Two problems loom large over the American medical care system. First, we spend outrageous amounts of money on health care, with too many patients receiving too many services at too high a price. Second, our malpractice system is an international embarrassment, with too many health care providers sued by too many patients for too little reason. Many experts have pointed out that these problems are two sides of the same coin. ...

Read more...

In anticipation of American Heart Month, an examination of the liability risks faced by cardiologists was recently undertaken by The Doctors Company, the nation’s largest physician-owned medical malpractice insurer. This analysis of 429 closed cardiology claims from 2007 to 2013 revealed that the most common patient allegations against cardiologists and other clinicians were diagnostic errors, followed closely by procedural or surgical mishaps. This data is of particular interest to cardiologists, ...

Read more...

With the endless appearance of medical malpractice solutions in the press, any reader would think we have the answers to the logjam -- but no will to implement them.  If you follow the topic, you know every proposal has flaws and limited applications as they relate to individual states or delivery systems. The worst offender seems to be safe harbor protections (i.e., “follow the guidelines and you won’t get sued”). Recently, however, I ...

Read more...

shutterstock_225356470 While the electronic medical record (EMR) has advantages, it also has introduced liability risks. EMRs can lead to lawsuits or result in a weak defense by casting the physician in an unfavorable light. For example, examine these exchanges in a recent malpractice trial:

  • Plaintiff attorney: Doctor, if the emergency renal consult was called in at 11:30, why did you wait until 6 p.m. ...

    Read more...

shutterstock_51888040 New York Post reporter Susan Edelman revealed the name of the unfortunate anesthesiologist allegedly present on August 28 at Yorkville Endoscopy, during the throat procedure that led to the death of comedian Joan Rivers. She is reported to be Renuka Reddy Bankulla, MD, 47, a board-certified anesthesiologist from New Rochelle, NY. Having her name made public will be a nightmare for Dr. Bankulla, as ...

Read more...

Dostoevsky's Brother's Karamazov cleverly spoofs the careless inexpertness of what often passes for expert legal testimony. Three medical experts are called to testify whether Dmitri Karamazov was sane or insane when committing the alleged murder of his father. Naturally, the experts all disagree, with each completely convinced of the incontrovertible truth of his own opinion. Expert 1 finds Dmitri insane because he looked to the left as he entered the courtroom. Expert ...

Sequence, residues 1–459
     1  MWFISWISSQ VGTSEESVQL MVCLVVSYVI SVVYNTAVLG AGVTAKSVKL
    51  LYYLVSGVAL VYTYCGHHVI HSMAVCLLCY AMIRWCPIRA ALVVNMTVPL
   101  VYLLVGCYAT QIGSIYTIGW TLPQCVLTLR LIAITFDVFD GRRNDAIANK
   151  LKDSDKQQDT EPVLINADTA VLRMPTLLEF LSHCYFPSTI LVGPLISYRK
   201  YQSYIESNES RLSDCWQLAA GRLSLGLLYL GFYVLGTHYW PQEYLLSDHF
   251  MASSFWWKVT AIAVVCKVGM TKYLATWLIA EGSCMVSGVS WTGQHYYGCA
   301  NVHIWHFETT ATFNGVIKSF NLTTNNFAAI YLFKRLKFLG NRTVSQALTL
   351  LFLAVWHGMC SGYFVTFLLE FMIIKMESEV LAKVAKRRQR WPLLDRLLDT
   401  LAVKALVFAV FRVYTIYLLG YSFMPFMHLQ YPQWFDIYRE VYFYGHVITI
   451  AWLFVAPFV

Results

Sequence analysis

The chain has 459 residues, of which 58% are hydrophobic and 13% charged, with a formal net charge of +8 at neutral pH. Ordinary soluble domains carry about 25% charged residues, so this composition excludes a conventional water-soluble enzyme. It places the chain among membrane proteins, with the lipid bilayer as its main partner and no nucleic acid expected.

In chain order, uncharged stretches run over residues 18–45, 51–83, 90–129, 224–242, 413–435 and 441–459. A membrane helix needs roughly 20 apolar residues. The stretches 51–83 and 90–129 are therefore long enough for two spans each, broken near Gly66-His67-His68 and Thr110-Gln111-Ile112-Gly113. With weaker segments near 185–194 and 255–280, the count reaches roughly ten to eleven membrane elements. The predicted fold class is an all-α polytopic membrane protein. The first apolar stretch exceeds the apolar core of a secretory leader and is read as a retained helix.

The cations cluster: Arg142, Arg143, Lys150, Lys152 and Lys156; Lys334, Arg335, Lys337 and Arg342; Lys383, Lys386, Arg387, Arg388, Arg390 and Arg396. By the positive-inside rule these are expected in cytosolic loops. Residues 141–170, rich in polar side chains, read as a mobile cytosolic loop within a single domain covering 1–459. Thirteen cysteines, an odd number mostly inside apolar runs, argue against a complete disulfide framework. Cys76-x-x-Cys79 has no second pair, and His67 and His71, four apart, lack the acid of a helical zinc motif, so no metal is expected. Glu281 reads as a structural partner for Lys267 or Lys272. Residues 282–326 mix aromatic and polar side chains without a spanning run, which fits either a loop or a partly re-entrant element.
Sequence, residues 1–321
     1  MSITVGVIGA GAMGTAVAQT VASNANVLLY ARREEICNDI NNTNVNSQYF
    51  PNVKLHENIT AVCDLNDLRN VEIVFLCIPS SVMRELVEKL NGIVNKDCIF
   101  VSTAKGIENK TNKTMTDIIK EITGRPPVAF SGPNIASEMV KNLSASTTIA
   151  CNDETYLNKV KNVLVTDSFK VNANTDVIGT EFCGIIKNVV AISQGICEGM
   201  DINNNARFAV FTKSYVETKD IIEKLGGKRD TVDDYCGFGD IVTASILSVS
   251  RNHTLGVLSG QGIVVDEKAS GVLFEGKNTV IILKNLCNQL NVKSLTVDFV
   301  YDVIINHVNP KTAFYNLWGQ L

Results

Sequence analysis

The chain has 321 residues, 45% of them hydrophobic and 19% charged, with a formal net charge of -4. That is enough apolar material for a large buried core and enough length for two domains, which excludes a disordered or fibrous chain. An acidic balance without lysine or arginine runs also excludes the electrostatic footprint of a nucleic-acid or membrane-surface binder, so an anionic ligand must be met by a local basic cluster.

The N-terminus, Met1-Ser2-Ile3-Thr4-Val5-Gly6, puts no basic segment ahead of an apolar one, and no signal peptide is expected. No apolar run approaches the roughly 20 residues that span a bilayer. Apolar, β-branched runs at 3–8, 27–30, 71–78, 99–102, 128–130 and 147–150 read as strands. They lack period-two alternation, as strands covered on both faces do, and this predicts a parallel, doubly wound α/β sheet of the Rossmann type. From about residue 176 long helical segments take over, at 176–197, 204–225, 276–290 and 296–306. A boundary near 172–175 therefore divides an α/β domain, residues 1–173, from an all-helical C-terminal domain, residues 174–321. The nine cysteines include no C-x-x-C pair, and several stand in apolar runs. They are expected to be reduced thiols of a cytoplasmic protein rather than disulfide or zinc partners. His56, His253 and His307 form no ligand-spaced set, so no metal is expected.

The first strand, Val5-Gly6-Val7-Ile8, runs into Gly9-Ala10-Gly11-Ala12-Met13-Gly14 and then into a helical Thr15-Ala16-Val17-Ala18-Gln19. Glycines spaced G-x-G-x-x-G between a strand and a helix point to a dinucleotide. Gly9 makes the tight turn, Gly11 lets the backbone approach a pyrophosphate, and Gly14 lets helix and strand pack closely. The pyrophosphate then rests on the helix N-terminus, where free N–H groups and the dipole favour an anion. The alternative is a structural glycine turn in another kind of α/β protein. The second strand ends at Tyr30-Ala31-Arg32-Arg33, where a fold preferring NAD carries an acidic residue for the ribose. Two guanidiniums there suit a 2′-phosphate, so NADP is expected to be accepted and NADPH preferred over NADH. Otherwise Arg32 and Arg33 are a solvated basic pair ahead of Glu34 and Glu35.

Read more...

shutterstock_119657461 "If doctors do no other good, they at least prepare their patients early for death, undermining little by little and cutting off their enjoyment of life." These words from Montaigne are 350 years old, but, sadly, too often they describe the results of modern medicine, particularly when it is mindlessly applied in a needlessly heroic way to the end of life. I spend ...

Read more...

The safety concerns that keep clinicians awake at night often aren't issues that you could fit onto a safety and quality dashboard. They aren't the kinds of things that feed metrics on the CMS Hospital Compare website or any of the other sources of publicly reported quality measures. They are intensely local, and no less important for being so. This reminder came to me recently during a quarterly meeting of Comprehensive Unit-based ...

Read more...

I was listening to the news on my way to work recently, and heard a story about the review conducted after the well-publicized security breach at the White House. Like many people, I was shocked when the story of the fence-jumper first broke. How was it possible that some guy with a knife managed to get over the fence, cross the lawn, enter the White House and get deep into the ...

Read more...

shutterstock_96224099 Part 3 of a series.  Read part 1 and part 2. The aspect of malpractice suits that lawyers seem congenitally unable to understand is how devastating it is. "Ho hum," says a lawyer who read my first two posts in this series. "Get out the violins." It's as if, because I make my living operating on ...

Read more...

130 Pages

Most Popular